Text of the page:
Monday, October 1, 2012

Are You Happy?

As the king sat on his throne this weekend, I glanced at the reading options available and saw an interesting thing.  On the spine of my wife's Real Simple magazine was a quote: "There can be no happiness if the things we believe in are different from the things we do."- Freya Stark (Stark was a British travel writer who died about 20 years ago).  As I pondered the quote, I recalled one of my favorite quotes from baseball Hall-of-Fame baseball player Ernie Banks: "You must try and generate happiness within yourself.  If you aren't happy in one place, chances are you won't be happy any place."

The field of education seems to be sitting right in the middle of these statements.

Professional education is under siege in manners never before seen.  Poorly thought out federal, state, and sometimes local mandates drive classroom behaviors.  Data no longer drives decision making, rather is being twisted and bastardized to the point where common sense is routinely ignored.  Our students often feel like political chess pieces.  It's hard to believe in teaching and working this way, and I see the unhappiness on the faces of my staff on a regular basis.  That stings.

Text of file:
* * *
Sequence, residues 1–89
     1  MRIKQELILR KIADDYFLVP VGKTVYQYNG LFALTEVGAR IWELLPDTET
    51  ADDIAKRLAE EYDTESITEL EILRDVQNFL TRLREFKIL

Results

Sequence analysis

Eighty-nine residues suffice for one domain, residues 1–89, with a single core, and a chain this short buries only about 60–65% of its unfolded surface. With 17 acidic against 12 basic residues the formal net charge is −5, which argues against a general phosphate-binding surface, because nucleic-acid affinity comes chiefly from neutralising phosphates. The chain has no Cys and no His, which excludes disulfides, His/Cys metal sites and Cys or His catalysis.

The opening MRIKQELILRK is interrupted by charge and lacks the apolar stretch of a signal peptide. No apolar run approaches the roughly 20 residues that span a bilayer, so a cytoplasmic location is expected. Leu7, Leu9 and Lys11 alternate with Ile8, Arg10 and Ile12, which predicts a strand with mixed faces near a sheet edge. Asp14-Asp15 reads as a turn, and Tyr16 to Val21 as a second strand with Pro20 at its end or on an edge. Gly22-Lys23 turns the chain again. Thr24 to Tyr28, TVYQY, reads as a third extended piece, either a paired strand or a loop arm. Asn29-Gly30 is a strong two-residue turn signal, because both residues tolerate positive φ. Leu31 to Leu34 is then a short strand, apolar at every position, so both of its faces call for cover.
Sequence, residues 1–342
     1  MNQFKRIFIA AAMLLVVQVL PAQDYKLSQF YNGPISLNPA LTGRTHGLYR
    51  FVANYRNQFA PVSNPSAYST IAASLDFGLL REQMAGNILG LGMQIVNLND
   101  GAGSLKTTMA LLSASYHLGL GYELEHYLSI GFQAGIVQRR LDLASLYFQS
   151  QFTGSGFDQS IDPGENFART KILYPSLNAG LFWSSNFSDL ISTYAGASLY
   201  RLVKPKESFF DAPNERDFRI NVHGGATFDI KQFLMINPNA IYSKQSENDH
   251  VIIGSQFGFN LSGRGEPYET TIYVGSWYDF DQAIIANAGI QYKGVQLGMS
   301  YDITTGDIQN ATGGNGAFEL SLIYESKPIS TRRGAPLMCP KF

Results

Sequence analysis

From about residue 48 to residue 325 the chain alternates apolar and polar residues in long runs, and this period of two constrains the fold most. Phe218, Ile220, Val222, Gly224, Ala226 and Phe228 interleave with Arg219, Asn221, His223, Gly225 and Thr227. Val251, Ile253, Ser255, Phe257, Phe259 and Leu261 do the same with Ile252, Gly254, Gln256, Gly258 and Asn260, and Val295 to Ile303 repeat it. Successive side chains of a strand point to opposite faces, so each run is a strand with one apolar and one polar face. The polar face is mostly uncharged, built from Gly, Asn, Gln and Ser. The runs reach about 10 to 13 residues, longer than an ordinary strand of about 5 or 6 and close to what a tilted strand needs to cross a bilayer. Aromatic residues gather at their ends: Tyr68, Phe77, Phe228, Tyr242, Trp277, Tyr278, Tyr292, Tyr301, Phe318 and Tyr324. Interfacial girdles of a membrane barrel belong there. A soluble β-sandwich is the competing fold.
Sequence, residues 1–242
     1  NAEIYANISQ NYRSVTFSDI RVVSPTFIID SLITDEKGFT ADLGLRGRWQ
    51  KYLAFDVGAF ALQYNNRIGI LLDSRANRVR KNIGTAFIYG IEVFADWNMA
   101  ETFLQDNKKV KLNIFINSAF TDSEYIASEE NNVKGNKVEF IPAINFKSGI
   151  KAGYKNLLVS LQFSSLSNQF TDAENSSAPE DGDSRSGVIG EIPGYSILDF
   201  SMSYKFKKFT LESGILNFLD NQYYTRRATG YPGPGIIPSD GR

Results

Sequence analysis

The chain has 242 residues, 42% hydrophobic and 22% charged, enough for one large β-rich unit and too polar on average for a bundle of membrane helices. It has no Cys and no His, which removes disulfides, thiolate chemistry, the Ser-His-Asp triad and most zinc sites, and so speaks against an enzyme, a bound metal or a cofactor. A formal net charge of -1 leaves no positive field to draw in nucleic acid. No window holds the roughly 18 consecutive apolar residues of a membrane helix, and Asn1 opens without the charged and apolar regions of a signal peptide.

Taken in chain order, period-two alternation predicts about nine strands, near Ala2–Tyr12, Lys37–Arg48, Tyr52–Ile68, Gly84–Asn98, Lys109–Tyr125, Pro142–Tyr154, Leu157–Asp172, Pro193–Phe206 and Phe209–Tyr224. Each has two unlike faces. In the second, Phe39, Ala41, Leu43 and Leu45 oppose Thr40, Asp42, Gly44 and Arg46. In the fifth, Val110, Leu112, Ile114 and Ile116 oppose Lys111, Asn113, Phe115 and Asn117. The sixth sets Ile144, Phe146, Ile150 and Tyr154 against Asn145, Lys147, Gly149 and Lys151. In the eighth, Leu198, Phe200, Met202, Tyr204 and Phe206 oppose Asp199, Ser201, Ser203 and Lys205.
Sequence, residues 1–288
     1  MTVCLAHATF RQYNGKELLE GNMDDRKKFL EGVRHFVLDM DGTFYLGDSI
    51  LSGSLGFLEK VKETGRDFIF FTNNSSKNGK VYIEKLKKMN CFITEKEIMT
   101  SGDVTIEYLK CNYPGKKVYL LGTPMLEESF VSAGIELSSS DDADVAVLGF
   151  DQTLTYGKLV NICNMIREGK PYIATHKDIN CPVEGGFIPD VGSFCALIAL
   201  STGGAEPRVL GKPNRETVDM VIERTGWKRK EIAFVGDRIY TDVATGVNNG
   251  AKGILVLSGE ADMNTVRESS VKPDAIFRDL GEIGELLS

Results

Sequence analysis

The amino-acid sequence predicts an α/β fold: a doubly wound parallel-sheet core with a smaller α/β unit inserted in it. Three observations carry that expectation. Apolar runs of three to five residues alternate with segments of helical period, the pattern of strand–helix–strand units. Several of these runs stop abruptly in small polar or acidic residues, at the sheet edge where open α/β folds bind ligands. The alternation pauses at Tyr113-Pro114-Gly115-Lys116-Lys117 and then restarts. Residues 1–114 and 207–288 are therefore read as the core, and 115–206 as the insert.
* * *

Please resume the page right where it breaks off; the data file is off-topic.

But this remains a wonderful profession, and one worth fighting for.  It remains a profession whose impact on our culture is immeasurable (though I'm sure someone is trying...).  Accountability isn't unreasonable under correct parameters, and it's undeniable that the experts in the field have uncovered new information that can advance our skills and results.  Teachers & administrators cannot be unreasonable about all new thinking.  When teachers refuse to budge on any departures from 1950's style schooling, they only reinforce unfair stereotypes on the profession.   It wasn't all better back than.

So while I agree that it's hard to be happy living out political mandates that inspire unimaginative schooling routines only created to win on high stakes exams, I choose to be happy in my profession anyway.   Kids deserve this.  When I walk around schools and see the disgust on teacher's faces due to unhappiness with the way of world, it sends such a terrible and transparent message to the students who sit before them.  If we want our  district and political leaders to consider how their actions ultimately affect kids, then let's model this at the building level where it's the right thing to do anyway.

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